Dressed in masks, hoodies and gloves, one would aim a handgun at a store clerk while the other raided the register and grabbed cartons of cigarettes. In four of the robberies, they used zip ties on the workers.

    A third man had joined them when their spree began at the 7-Eleven on Westfield Avenue in Pennsauken, just before 1 a.m. on Jan. 10, 2014.

    There, the three men encountered Adil Boutahli, who had just loaded a safe with cash from the register, according to court documents.

    The men demanded money and cigarettes. Boutahli wasn't fast enough, and they pistol whipped him. He got up, trying to get his balance and reach for a silent alarm to notify police. But Walls opened fire. He couldn't have given the men cash anyway; the register must remain locked for several minutes after a transfer to the safe, court documents show.

    "Walls ruthlessly gunned down a young store clerk, leaving him paralyzed, and their reign of terror continued with seven more armed robberies of 7-Eleven stores," Attorney General Gurbir Grewal said in a news release announcing the guilty pleas.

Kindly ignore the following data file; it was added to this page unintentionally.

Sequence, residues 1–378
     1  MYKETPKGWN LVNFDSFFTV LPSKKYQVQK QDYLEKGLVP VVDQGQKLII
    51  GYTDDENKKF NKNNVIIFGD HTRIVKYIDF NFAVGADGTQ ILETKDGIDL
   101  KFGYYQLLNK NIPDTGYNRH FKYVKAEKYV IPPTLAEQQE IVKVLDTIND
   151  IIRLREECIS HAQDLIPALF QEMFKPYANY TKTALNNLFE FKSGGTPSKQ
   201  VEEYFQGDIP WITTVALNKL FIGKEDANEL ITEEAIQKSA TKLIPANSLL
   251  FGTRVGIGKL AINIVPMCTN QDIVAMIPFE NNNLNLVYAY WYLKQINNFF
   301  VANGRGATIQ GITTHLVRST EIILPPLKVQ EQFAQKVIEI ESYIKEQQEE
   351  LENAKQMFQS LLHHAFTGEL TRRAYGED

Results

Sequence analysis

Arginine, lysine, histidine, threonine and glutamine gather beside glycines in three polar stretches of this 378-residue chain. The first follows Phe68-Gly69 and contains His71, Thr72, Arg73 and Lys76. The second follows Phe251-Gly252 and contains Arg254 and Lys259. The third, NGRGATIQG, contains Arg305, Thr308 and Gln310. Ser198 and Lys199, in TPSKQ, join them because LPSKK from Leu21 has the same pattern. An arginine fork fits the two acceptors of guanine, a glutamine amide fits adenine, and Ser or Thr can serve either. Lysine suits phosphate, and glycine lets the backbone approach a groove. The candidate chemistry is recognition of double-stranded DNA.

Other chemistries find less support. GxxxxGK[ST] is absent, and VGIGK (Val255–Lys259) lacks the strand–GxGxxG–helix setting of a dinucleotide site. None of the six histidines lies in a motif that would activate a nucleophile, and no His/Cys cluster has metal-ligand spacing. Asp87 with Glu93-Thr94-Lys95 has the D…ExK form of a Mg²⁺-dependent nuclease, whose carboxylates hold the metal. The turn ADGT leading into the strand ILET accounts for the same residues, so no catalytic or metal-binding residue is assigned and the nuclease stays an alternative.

Paralyzed man becomes nationally-ranked athlete

    Boutahli was shot several times in the back and suffered serious spinal cord injuries. He is now bound to a wheelchair, but has made a name for himself as a nationally-ranked wheelchair tennis player.

    He is also suing 7-Eleven in federal civil court, saying the chain's security measures were "outdated, defective, inoperable, poorly maintained or in disrepair." That case has not moved forward, pending the resolution of the criminal case against Walls and Ervin.

    Walls was arrested at his Camden apartment on June 13, 2014, the same day he and Ervin robbed a 7-Eleven in Blackwood. Detectives acting on search warrants found the getaway Chevy, a .40-caliber Ruger, cigarettes, latex gloves and zip ties. Ervin was caught in October of that year.